The arrangements on the ensuing tracks excel at using repetition to highlight points of tension in the text, which are rendered musically. In “DIAS IRE,” the chorus transforms the words “chain around the spirit” from a dirge to a powerful anthem, but the uplifting mood quickly turns to deep ambivalence. A mournful trumpet solo from Sam Thousand on “TUBA MIRUM” calls into question the lyrics “I know a change is gonna come.” And on “REX TREMENDAE,” bright gospel melodies and chord progressions are juxtaposed with the repeated lyrics “futureless future.”
Dawid’s arrangements and Nombuso Mathibela’s poetic liner notes make clear that oppressive anti-Black structures have changed little since 1959. But both also propose that Black musical life has strategies for disruption and surviving violence. “CONFUTATIS” explicitly names endless patterns of repression, which are interrupted by group improvisations. In her response, Dawid reminds the musicians that through music, “We made a memory of our past with the promise of our future.” She adds, “Guess what, I wasn’t born in 1959… Everyone on this stage is the promise.”
Dawid uses the most solemn moments of the requiem to hold white people accountable for structural oppression. In “OFFERTURIUM,” the chorus chimes that “jazz is the one element in American life where whites must be humble to the negro,” over a whitewashed boogie-woogie accompaniment. A lush orchestral texture in “SANCTUS” underscores the chorus’ observation that whites must pay their debt to become human. The “AGNUS DEI” then triumphantly announces, “The body of jazz is dead, but the spirit of jazz is alive.”
The album’s ending turns simultaneously to the past and future to build community. Solos from Marshall Allen and Knoel Scott on “LUX AETERNA” convene with the past, paying homage to the legacy of Sun Ra’s Arkestra. Dawid invites the entire community to let out a musical exhalation for her student in “Long Tone for Rayna Golding” so that, as Dawid says, “our future can be bright.”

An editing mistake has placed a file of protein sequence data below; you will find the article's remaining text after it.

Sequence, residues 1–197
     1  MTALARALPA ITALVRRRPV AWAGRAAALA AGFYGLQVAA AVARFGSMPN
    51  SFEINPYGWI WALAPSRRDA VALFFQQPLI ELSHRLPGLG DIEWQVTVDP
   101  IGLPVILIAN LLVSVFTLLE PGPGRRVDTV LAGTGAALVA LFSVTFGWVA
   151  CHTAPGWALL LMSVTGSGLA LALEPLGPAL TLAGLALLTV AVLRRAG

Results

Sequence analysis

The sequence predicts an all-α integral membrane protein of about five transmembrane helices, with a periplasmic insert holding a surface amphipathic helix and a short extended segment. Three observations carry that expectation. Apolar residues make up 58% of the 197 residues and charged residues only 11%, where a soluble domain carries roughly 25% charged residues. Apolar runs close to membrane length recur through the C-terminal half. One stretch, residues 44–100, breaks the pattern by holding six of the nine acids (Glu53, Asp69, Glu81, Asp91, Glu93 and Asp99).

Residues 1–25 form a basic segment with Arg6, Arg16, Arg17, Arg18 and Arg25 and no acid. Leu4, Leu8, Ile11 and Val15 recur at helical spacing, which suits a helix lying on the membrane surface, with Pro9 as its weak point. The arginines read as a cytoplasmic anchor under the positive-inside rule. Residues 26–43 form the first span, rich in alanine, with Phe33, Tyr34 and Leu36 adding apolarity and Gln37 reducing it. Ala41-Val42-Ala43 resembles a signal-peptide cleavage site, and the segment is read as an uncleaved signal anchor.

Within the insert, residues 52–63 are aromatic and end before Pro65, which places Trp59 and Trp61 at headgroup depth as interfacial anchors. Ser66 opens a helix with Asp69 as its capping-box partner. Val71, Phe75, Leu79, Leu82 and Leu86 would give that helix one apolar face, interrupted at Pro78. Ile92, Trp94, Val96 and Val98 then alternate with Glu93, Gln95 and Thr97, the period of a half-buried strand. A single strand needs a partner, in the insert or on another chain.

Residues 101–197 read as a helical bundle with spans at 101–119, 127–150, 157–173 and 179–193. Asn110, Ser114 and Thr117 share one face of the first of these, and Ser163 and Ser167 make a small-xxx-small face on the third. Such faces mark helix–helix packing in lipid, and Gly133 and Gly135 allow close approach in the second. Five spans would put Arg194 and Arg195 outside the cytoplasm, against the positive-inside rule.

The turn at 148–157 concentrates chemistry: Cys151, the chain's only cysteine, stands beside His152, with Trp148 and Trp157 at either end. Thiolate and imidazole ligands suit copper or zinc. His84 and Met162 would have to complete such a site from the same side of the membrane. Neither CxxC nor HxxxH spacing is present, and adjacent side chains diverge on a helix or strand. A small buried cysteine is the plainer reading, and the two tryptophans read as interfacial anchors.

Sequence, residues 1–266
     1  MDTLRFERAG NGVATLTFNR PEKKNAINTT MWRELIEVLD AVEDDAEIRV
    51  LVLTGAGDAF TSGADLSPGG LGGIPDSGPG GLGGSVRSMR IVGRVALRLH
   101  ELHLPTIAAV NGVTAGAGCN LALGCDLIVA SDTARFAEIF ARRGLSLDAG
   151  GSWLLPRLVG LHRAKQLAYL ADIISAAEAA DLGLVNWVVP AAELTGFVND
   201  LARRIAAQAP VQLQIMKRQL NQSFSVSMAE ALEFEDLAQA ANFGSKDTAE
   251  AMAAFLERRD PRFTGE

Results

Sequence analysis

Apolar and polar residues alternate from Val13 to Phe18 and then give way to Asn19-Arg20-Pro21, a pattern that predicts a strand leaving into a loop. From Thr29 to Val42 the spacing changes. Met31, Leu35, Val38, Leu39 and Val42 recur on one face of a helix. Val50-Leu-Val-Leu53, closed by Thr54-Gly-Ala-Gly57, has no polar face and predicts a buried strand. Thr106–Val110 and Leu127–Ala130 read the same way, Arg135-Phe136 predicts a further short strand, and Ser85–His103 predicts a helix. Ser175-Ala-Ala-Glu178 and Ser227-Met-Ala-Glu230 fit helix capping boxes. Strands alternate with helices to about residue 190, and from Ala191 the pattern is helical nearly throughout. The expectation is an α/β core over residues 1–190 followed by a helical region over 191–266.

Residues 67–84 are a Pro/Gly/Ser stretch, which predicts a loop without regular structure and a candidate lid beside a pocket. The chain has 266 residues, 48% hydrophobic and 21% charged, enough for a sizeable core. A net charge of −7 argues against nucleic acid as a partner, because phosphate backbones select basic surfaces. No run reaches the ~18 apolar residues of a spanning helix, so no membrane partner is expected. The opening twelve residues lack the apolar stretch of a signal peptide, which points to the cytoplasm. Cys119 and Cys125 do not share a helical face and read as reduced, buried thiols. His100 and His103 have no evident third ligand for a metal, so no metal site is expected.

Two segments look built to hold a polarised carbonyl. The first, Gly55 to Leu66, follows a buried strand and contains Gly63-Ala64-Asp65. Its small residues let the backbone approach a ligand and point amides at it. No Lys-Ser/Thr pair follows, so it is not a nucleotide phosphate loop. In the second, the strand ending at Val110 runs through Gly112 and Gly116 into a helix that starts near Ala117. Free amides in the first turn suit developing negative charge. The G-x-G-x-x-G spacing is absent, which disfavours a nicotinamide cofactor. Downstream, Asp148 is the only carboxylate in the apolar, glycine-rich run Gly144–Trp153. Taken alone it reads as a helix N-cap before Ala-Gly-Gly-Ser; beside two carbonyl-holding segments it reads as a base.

Sixty years after Bland’s film, Dawid’s pluralistic Requiem for Jazz is a poignant reminder that genre labels fail to convey the depth of Black musical life. The film leaves open the question about the future of the “spirit” of jazz, but Dawid’s Requiem reminds listeners that the spirit of jazz is inextricably linked to community. Through arresting performances, profound poetry, and a world-renewing musical vision, the album implores listeners to remember the past while breathing life into the future.
I CARE IF YOU LISTEN is an editorially-independent program of the American Composers Forum, and is made possible thanks to generous donor and institutional support. Opinions expressed are solely those of the author and may not represent the views of ICIYL or ACF.
You can support the work of ICIYL with a tax-deductible gift to ACF. For more on ACF, visit the “At ACF” section or composersforum.org.
Leave a Reply